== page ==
A team from the International Monetary Fund (IMF) has been in the country holding discussions on a new precautionary stand-by arrangement and what is referred to in jargon as Article IV consultations.
As we all know, all members of the Fund must engage the IMF under the Article IV framework regardless of whether one is on an IMF programme or not.
It seems to me that we are well on our way to an IMF programme. I think that this is a possible development. Indeed, what we need now is not the money it will be giving us. The positive thing about IMF programmes is that they introduce additional oversight on how we can manage our economy. In terms of oversight over the fiscal strategy the government has been following, we must accept that Parliament has woefully failed.
We need an independent party to do what Parliament and all other institutions of oversight, including such the Controller of Budget, the Auditor-General have failed to do,
The intellectual dishonesty displayed by the National Treasury especially when reporting on basic thing such as revenue forecast, reporting on public debt has been simply mind-boggling. Until the other day, the narrative from the Treasury was that our public debt levels were sustainable. Even when all the evidence was that public finances were in the deep red, the standard refrain was that we did not have a debt problem.
The reality check time came in June last year when the National Treasury openly admitted that admitting that the country had breached legal and constitutional debt legal ceilings.
With the make-believe narrative about how debt levels were sustainable having run out of tarmac, it was time to make an about-turn and seek parliamentary approval for an upward adjustment to the ceilings.
Parliamentary approval was needed to bring public debt levels in line with what is stipulated in the law; namely, the Public Management Finance Act. Where was Parliament when these limits were being breached?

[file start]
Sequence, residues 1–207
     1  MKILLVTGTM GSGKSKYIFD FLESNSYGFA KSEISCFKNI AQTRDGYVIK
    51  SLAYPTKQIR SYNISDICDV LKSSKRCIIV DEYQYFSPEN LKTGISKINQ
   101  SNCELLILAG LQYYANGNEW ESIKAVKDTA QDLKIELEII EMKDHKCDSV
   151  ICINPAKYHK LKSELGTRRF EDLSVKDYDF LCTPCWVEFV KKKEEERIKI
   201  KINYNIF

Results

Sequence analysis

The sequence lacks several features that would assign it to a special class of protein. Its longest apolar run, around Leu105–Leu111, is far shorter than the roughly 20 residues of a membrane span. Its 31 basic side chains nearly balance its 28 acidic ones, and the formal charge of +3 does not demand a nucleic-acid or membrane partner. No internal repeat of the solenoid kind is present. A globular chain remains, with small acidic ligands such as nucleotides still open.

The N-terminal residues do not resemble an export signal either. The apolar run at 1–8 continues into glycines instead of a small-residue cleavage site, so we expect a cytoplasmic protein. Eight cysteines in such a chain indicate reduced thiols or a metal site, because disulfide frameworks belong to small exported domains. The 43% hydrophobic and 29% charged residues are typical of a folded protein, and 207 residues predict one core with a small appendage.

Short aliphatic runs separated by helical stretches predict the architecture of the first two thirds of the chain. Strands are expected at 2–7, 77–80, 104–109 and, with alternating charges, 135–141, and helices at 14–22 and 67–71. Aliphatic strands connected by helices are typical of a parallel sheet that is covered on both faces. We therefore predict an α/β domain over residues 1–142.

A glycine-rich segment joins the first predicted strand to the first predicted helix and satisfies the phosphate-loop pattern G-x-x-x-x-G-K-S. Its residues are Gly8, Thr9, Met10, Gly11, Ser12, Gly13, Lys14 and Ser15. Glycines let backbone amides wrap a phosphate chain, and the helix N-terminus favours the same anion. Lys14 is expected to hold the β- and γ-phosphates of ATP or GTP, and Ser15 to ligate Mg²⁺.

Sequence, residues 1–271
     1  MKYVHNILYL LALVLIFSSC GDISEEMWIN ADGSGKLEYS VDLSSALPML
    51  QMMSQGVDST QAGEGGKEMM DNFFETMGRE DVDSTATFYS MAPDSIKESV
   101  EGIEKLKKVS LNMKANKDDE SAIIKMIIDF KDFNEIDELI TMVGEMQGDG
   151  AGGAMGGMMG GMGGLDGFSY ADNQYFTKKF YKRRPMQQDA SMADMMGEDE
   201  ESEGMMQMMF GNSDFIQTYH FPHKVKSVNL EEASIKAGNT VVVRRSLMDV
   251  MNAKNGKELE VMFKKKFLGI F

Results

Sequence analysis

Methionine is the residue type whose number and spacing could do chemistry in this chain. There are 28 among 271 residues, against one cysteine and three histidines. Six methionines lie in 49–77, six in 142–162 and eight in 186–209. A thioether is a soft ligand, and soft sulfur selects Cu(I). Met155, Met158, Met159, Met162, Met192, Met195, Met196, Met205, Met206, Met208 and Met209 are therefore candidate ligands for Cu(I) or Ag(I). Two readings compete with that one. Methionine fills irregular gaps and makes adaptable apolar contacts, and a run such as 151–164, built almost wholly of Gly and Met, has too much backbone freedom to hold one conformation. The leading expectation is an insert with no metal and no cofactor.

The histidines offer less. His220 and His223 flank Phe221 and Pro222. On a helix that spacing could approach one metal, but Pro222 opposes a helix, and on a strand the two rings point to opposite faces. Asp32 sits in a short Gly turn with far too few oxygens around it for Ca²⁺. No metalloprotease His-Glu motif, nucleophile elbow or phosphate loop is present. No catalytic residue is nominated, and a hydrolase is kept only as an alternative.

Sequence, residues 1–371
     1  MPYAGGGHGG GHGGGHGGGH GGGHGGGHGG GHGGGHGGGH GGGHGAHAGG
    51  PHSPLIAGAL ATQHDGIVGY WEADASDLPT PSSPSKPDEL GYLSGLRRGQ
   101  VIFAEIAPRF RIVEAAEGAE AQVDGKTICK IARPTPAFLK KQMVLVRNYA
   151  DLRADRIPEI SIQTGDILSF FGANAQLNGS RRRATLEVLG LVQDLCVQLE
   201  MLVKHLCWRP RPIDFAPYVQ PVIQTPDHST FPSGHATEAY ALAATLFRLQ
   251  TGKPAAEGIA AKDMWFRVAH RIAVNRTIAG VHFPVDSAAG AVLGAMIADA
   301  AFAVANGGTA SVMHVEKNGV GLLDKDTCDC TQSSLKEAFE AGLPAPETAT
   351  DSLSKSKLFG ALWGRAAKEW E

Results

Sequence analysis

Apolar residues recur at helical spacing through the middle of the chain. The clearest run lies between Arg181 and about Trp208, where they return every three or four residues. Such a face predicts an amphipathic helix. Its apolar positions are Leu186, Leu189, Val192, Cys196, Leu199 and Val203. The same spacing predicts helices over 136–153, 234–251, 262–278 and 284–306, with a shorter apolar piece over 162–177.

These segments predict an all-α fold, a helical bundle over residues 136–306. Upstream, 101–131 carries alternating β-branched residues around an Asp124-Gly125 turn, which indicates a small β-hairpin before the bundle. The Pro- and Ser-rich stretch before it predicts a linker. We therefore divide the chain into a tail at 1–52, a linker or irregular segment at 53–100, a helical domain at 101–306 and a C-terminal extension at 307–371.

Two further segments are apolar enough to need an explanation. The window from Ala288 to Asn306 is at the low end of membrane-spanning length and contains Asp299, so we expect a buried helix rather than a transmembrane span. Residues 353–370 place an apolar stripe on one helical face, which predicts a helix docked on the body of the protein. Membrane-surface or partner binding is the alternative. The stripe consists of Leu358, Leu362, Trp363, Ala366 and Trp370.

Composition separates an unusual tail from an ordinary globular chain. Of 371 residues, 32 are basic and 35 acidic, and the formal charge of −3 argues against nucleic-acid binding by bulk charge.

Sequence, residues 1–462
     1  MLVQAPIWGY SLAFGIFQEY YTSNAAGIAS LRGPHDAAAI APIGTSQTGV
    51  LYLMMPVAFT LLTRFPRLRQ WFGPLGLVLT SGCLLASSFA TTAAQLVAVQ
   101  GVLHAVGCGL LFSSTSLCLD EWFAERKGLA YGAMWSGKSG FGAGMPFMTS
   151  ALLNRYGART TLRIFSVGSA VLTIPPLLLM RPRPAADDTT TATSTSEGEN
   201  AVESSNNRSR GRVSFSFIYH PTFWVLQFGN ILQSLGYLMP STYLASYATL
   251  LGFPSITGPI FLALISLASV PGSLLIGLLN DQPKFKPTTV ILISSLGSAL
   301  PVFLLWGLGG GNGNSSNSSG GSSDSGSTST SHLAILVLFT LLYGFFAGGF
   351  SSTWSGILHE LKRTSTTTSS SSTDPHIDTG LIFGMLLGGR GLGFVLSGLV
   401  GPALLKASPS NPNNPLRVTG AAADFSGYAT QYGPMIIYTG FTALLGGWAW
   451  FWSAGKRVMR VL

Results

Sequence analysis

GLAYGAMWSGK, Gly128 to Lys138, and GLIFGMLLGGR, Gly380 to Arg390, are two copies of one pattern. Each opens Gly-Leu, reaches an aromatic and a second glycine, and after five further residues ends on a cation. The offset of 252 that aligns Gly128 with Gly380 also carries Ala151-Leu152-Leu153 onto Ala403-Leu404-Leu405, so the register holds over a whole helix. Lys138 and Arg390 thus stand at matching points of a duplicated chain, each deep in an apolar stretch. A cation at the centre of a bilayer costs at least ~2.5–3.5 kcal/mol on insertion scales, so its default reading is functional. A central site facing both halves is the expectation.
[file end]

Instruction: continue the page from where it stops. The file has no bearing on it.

The questions we did not ask were the following: Where was Parliament when the public debt ceiling was being breached? Where was the Auditor-General? Where was the Controller of Budget? I think being on an IMF programme will bring credibility to the dodgy numbers and statistics the government has been putting out. I am yet to see
Clean and comprehensive statistics giving us the full picture on debt especially details such as outstanding disbursements on existing loan commitments, the level of pending bills at both the national and county governments and contingent liabilities from murky debts and external loan guarantees to parastatals.
The government should reveal to us the statistics and details about all the commercial US dollar loans that we have contracted in recent years. Isn’t it just incredible that we have contracted US dollar loans that cost us as much as 10 percent per annum? This at a time when interest rates in Western markets are at one percent. Is it not time we conducted thorough investigations into all these dodgy loans on our external debt register for corrupt activities? I hope that an IMF programme will also provide impetus for transparent investigations and audit of the pending bills conundrum.
The truth is verification of pending bills both at the national and county government levels have become murkier by the day.
What is my point? It is that we still have major credibility issues with the numbers and statistics not only on the public debt but on the true size of the fiscal deficit. We are yet to appreciate the fact that part of the Greece debt crisis came about because of the credibility of macroeconomic figures.
With exaggerated GDP growth numbers, we have ended up with exaggerated revenue targets and unsustainable budget deficits. We have been crafting spending plans that we are incapable of funding.
An IMF programme will inject a dose of honesty into some of these key numbers. If you look carefully at our history, you will notice that the biggest scandals happen when we are not on an IMF programme.
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